Homicide

Jurors hear dying wife on 911 recording to open trial of researcher charged with poisoning her

  • Dr. Robert Ferrante, center, is escorted by Allegheny County Sheriffs deputies to court during jury selection for his trial on homicide charges in the 2013 killing of his neurologist wife with cyanide on Thursday, Oct. 23, 2014, in Pittsburgh. Ferrante has denied the allegations. (AP Photo/Keith Srakocic)

    Dr. Robert Ferrante, center, is escorted by Allegheny County Sheriffs deputies to court during jury selection for his trial on homicide charges in the 2013 killing of his neurologist wife with cyanide on Thursday, Oct. 23, 2014, in Pittsburgh. Ferrante has denied the allegations. (AP Photo/Keith Srakocic)  (The Associated Press)

  • Dr. Robert Ferrante is escorted by Allegheny County Sheriffs deputies to court during jury selection for his trial on homicide charges in the 2013 killing of his neurologist wife with cyanide on Thursday, Oct. 23, 2014, in Pittsburgh. Ferrante has denied the allegations. (AP Photo/Keith Srakocic)

    Dr. Robert Ferrante is escorted by Allegheny County Sheriffs deputies to court during jury selection for his trial on homicide charges in the 2013 killing of his neurologist wife with cyanide on Thursday, Oct. 23, 2014, in Pittsburgh. Ferrante has denied the allegations. (AP Photo/Keith Srakocic)  (The Associated Press)

  • Dr. Robert Ferrante, center, follows his attorneys, William Difenderfer, left, and Wendy Williams, right, as he is escorted by Allegheny County Sheriffs deputies to court  on Thursday, Oct. 23, 2014, in Pittsburgh. during jury selection for his trial on homicide charges in the 2013 killing of his neurologist wife with cyanide. (AP Photo/Keith Srakocic)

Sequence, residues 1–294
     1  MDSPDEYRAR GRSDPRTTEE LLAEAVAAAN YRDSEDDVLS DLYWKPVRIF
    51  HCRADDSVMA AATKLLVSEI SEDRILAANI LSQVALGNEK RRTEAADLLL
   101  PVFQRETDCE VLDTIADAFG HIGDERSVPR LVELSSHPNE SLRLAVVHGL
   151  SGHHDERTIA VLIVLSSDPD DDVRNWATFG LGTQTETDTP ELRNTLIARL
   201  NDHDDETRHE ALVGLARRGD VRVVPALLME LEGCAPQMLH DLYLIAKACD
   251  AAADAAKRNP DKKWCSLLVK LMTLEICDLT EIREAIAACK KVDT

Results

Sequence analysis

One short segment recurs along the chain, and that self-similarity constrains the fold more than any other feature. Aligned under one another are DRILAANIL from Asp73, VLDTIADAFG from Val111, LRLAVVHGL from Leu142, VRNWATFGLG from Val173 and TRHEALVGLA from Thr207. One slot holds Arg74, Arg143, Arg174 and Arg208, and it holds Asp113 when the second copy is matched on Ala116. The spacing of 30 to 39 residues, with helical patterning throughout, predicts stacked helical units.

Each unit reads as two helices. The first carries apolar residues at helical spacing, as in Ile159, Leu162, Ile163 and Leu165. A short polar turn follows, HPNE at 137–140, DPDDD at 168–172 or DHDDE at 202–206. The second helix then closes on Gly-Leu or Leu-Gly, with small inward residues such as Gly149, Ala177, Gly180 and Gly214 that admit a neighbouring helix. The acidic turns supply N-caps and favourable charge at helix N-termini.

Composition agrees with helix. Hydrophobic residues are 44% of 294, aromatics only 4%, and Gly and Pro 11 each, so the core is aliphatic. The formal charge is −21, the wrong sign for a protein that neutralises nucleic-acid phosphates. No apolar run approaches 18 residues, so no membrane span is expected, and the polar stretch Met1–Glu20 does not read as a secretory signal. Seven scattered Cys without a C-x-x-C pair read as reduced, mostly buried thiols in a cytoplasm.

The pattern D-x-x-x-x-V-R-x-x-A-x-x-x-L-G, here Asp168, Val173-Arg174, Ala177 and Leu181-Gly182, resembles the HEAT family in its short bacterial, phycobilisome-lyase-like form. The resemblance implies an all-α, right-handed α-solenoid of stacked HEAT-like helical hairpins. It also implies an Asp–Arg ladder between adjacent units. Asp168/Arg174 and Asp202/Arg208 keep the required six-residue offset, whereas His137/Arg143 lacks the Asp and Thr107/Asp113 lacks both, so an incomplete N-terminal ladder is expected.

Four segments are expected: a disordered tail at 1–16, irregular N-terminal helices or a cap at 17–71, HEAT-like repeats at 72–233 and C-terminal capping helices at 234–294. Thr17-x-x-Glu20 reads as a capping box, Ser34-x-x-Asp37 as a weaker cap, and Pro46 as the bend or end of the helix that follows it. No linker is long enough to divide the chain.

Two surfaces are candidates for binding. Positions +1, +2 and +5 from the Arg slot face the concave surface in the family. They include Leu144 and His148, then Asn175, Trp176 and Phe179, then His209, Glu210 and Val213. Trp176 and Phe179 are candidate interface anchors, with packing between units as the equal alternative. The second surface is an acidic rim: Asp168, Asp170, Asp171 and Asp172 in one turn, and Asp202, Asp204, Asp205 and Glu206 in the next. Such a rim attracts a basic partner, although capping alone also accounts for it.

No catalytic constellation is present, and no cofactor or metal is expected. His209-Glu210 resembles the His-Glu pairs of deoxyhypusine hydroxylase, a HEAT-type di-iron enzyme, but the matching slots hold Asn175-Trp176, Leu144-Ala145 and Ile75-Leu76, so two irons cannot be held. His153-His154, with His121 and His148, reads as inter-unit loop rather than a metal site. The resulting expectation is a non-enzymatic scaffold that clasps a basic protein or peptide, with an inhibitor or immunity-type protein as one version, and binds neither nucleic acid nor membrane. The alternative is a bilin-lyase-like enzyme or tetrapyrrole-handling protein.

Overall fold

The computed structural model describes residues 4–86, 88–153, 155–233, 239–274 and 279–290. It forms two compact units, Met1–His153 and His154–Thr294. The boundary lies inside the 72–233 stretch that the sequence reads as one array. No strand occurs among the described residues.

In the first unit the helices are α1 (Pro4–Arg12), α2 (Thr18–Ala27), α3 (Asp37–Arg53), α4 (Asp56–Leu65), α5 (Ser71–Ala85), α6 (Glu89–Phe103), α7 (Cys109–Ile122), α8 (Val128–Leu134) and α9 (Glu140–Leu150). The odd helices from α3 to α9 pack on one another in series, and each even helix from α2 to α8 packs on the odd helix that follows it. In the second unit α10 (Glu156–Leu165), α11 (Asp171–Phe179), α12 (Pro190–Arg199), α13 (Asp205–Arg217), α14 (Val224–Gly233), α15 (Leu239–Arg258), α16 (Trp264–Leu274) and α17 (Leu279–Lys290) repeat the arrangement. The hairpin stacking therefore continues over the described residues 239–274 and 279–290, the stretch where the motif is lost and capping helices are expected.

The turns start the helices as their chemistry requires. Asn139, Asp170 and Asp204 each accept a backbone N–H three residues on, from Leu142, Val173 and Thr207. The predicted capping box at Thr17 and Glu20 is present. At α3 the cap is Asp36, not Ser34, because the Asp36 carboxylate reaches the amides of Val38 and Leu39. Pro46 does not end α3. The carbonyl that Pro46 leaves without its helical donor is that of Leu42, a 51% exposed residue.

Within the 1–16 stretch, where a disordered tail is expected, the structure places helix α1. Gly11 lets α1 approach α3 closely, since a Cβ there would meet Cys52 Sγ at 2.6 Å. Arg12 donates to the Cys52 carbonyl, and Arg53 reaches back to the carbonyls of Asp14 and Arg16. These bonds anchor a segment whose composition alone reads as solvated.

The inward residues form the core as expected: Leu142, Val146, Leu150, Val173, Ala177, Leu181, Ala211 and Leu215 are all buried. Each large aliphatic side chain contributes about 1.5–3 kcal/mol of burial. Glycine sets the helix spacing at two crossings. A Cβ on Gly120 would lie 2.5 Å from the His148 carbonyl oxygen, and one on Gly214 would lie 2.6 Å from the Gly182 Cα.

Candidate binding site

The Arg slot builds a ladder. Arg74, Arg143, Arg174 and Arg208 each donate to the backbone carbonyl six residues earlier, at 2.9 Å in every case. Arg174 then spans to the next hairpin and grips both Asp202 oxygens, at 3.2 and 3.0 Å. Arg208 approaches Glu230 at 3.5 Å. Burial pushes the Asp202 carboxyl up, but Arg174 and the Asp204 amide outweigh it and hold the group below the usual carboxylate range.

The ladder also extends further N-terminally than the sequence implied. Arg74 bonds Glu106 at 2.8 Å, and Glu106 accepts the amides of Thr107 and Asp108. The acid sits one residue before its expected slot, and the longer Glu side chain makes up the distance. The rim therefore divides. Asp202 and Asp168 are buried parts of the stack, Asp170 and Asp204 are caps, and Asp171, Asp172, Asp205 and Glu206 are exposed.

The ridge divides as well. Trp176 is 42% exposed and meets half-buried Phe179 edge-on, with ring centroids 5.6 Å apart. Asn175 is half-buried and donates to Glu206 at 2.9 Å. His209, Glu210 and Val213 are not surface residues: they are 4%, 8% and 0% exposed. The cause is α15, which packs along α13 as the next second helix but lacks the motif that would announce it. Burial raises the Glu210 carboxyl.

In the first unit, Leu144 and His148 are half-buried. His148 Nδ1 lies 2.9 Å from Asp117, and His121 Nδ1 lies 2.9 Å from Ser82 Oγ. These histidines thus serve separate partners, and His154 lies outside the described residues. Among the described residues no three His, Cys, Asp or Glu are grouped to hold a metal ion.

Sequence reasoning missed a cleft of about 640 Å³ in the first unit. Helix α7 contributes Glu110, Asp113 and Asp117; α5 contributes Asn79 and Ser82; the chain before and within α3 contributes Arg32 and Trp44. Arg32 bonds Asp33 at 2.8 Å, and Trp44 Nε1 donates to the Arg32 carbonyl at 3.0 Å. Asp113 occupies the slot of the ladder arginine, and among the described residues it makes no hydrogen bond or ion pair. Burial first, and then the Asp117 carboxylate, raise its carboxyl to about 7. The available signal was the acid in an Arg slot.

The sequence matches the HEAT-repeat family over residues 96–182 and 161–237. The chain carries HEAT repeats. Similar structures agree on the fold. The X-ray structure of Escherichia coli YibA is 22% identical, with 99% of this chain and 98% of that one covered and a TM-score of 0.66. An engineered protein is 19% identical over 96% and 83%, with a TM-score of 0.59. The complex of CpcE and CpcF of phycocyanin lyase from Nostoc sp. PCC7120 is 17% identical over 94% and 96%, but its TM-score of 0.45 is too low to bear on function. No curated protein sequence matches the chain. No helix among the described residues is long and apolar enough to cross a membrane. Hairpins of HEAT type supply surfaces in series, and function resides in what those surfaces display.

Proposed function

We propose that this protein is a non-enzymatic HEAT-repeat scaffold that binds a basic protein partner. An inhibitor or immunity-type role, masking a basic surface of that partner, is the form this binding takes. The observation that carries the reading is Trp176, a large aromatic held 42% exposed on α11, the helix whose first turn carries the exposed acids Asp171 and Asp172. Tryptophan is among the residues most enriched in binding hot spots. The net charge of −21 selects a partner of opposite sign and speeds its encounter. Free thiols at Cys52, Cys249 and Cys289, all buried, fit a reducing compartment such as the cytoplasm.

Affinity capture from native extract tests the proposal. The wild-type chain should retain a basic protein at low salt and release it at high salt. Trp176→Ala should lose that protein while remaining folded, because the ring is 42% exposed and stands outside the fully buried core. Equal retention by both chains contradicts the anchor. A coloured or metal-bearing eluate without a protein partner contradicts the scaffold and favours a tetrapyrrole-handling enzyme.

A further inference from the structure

Dr. Robert Ferrante, center, follows his attorneys, William Difenderfer, left, and Wendy Williams, right, as he is escorted by Allegheny County Sheriffs deputies to court on Thursday, Oct. 23, 2014, in Pittsburgh. during jury selection for his trial on homicide charges in the 2013 killing of his neurologist wife with cyanide. (AP Photo/Keith Srakocic)  (The Associated Press)

Jurors heard from prosecution and defense attorneys — and then from the dying woman herself — at the start of a homicide trial for a University of Pittsburgh researcher charged with poisoning his wife.

The prosecution says 41-year-old Dr. Autumn Klein can be heard "gasping and groaning and moaning and dying" on the 911 call by her husband, Dr. Robert Ferrante.

Attorneys for the 66-year-old researcher contend that Ferrante did not poison his wife, a neurologist. He also says medical experts will show she wasn't poisoned by anyone and died of unexplained causes.

The jury heard the frantic — and at times ghastly — 911 call from the first witness, an emergency dispatcher.

Prosecutors want a first-degree murder conviction, punishable by life in prison.